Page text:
Kushner is also off the mark when he says “the variables haven’t been changed much” over all those years where nothing was supposedly getting done. Wrong again: The situation today is not even remotely similar to past periods when Arabs, Israelis and Americans succeeded and failed. The region is experiencing a degree of turmoil unprecedented in any other period of peacemaking (ever heard of a little place called Syria?). Arab countries—and here’s a positive variable—are more willing to consider supporting a serious process, as Kushner surely knows first-hand. But the two leaders—Mahmoud Abbas and Benjamin Netanyahu—are more constrained than their predecessors and are unwilling and unable to make the decisions on the big issues—Jerusalem, refugees and borders. Kushner’s casual assertion that you have to pick and choose where you draw your conclusions, presumably what kind of approach you will take—seems preternaturally naïve. A conflict-ending accord requires a comprehensive approach. This isn’t a menu from one of those old Chinese restaurants where you can pick one from Column A and one from Column B.

Don’t be Israel’s lawyer

Clearly, Kushner has a fondness for Israel and Netanyahu, through longstanding family connections and early childhood memories, that outweighs his regard and affection for the Palestinians. He sympathizes with the Israeli prime minister, and describes how he took Israel’s interests into account first in the recent controversy over metal detectors at the Temple Mount. That instinct isn’t fatal to his efforts—building trust with Israel is critical to success. But we have often overdone it.

In 1989, I resurrected a term from Henry Kissinger’s memoirs—that the U.S. couldn’t afford to be “Israel’s lawyer.” My then-boss, Secretary of State James Baker, loved it; I took my fair share of grief from American Jews and Israelis for saying it publicly. But the fact is we do have to see this conflict from both sides, regardless of our special bonds with the Israelis. Unless we’re prepared to exercise independence when it comes to mediation, we won’t succeed. The only three Americans to ever succeed in Arab-Israeli peacemaking—Kissinger, Carter and Baker—all operated off a pro-Israeli script. But they also were prepared to push the Israelis along with the Arabs. You can’t do Israeli-Palestinian peacemaking without applying ample amounts honey and vinegar. Nobody going to plant a tree in Israel in honor of Jared Kushner should he succeed – at least not immediately. If he’s not prepared to push both sides hard, he might as well close up for the season.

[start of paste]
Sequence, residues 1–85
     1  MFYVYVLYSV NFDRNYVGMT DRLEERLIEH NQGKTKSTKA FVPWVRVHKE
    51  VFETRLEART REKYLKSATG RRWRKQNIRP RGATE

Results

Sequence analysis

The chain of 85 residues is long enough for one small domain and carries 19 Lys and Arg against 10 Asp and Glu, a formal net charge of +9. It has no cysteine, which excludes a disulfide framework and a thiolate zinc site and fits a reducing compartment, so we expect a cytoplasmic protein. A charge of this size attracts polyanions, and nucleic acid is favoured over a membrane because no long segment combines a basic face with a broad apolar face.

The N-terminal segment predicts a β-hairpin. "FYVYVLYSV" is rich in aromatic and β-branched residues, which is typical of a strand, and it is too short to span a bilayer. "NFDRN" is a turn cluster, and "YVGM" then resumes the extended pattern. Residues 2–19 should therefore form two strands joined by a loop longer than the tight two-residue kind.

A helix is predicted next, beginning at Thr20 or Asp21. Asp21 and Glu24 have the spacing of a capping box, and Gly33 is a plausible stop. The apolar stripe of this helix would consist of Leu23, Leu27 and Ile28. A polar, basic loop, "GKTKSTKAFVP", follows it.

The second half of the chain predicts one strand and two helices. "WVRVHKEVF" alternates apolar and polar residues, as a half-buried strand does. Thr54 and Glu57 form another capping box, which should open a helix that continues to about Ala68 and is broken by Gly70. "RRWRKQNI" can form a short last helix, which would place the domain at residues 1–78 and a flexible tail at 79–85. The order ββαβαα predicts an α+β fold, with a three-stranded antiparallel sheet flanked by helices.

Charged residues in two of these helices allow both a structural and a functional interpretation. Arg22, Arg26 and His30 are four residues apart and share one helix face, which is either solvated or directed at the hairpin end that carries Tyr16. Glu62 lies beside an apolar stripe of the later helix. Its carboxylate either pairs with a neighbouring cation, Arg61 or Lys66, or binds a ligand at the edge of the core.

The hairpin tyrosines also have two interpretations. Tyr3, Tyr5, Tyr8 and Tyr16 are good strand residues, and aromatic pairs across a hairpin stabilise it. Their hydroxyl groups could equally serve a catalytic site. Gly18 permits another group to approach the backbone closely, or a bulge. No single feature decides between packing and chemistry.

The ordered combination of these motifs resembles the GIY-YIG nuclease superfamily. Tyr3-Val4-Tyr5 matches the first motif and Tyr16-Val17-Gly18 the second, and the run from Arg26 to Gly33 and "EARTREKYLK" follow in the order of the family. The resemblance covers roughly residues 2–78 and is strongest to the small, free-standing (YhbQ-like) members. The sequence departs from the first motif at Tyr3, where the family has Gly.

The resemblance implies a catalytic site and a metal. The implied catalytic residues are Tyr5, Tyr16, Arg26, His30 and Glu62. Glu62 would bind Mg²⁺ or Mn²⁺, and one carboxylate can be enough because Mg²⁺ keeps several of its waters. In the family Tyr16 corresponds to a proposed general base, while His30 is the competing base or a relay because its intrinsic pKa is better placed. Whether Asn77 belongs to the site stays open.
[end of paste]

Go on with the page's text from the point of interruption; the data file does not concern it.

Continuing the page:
Maybe it just can’t work

Perhaps the most refreshing thing about Kushner’s talk occurs at the end, when he concedes the obvious—that this might not work. “So, what do we offer that’s unique? I don’t know,” he says. “I’m sure everyone that’s tried this has been unique in some ways, but again we’re trying to follow very logically. We’re thinking about what the right end state is. And we’re trying to work with the parties very quietly to see if there’s a solution. And there may be no solution, but it’s one of the problem sets that the president asked us to focus on. So we’re going to focus on it and try to come to the right conclusion in the near future.”

This is exactly right. In the end, reality must be the point of departure. For too many years—and I’ll speak personally here—my own view was based on the illusion that there was a deal, that the parties could make it and that the U.S. could help them deliver it. I haven’t given up hope entirely; but I have abandoned my illusions. The fact is, you need real leadership and commitment by the two sides. Then and only then can America be a key force in peacemaking. My sense is that Kushner realizes that the peace process isn’t ready for prime time, and isn’t quite sure what do about it. (Neither am I.) There’s no mention in the transcript of a two state solution – an end state his father-in-law hasn’t endorsed.

Still, barring some unexpected move by one of the parties, he will—like his predecessors— remain trapped in a peace-process Bermuda triangle, wandering around between a two-state solution that’s too hard to be implement and one that’s still too important to abandon. I wish him luck.